The history of Britain's complex relationship with Europe, untangled
"The best short introduction to both the political realignment that produced the 2016 Referendum result and the immense fallout since.”—CapX, "Books of the Year" (2020)
“[A] cool-headed, fair, and judicious analysis of Britain and the EU at a decisive period in history”— Thomas Gallagher, Brexit-Watch.org
Is Britain a part of Europe? The British have been ambivalent on this question since the Second World War, when the Western European nations sought to prevent the return of fascism by creating strong international ties throughout the Continent. Britain reluctantly joined the Common Market, the European Community, and ultimately the European Union, but its decades of membership never quite led it to accept a European orientation. In the view of the distinguished political scientist Vernon Bogdanor, the question of Britain’s relationship to Europe is rooted in “the prime conflict of our time,” the dispute between the competing faiths of liberalism and nationalism. This concise, expertly guided tour provides the essential background to the struggle over Brexit.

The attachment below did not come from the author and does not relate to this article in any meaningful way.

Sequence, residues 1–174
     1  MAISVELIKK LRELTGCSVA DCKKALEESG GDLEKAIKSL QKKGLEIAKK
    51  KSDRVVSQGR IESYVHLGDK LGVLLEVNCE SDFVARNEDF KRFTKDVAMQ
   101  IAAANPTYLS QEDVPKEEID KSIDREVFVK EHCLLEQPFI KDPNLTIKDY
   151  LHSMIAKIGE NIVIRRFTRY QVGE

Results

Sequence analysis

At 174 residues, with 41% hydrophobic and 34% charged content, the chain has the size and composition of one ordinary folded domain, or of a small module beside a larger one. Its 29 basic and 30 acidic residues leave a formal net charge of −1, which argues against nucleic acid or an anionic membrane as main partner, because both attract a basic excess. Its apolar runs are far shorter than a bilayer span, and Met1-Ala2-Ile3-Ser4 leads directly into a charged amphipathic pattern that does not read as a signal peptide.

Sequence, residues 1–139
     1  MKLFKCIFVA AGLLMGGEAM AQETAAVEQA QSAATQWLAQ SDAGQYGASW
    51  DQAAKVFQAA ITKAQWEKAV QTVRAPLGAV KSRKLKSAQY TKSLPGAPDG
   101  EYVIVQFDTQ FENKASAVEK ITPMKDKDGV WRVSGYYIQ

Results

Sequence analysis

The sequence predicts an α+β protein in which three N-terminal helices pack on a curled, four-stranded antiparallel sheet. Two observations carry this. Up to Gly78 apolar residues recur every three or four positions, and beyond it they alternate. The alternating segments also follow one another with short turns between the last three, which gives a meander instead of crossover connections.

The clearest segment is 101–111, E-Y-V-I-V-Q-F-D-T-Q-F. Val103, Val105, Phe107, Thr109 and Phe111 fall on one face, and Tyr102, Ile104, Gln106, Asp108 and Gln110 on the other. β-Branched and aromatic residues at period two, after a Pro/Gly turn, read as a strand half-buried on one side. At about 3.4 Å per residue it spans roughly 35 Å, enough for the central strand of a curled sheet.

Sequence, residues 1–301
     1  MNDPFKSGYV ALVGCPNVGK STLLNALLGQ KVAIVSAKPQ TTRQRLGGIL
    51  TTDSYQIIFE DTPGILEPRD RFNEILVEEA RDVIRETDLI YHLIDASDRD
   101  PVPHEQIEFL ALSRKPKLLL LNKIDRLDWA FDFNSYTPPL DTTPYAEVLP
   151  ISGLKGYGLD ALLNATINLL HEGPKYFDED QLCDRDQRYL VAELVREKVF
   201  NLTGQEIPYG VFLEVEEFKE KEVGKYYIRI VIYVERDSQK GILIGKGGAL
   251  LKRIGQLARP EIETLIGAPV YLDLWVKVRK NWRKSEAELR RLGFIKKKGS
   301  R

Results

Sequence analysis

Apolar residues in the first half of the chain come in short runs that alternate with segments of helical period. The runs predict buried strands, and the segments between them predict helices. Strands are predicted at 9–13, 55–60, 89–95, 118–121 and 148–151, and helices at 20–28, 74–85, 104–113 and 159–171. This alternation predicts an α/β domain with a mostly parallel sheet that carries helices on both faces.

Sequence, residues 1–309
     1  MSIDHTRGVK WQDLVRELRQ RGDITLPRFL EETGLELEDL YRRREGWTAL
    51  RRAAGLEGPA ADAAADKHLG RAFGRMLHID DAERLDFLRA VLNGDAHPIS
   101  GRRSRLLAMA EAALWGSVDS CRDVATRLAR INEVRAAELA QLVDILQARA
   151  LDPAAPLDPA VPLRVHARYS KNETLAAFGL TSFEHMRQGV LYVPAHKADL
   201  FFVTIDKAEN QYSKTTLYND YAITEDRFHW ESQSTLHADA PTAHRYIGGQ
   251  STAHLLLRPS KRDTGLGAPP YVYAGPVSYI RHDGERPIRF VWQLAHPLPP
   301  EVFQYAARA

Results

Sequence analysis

About the Author
Vernon Bogdanor, C.B.E., is professor of government, King's College, London, and was for many years professor of government at Oxford University. He has been an adviser to several governments, including those of Albania, Czech Republic, Hungary, Kosovo, Israel, and Trinidad.
"As the resurgent tide of nationalism has swept away Britain's European Union membership, Vernon Bogdanor details the historical and psychological attitudes which will influence the forging of a new relationship."—Lord Butler of Brockwell, Head of the UK Civil Service 1988-98
“Vernon Bogdanor's fascinating history of the ideas, politics and events in British-European relations over the post-War era is vital reading for anyone wishing to look to the past to explain how and why Brexit occurred and what its effects are likely to be.”—Robert Blackburn QC, King's College London
"No subject could be more important; and no one is better qualified to engage with it than Bogdanor. He does so with his usual clarity, rigour and persuasiveness."— Andrew Blick, King’s College London
“For Bogdanor, Brexit dramatizes the long-term loss of legitimacy of Britain’s governing class. This book is a brave effort to move beyond the headlines by Britain’s most distinguished constitutionalist.”—Bruce Ackerman, Sterling Professor of Law and Political Science, Yale University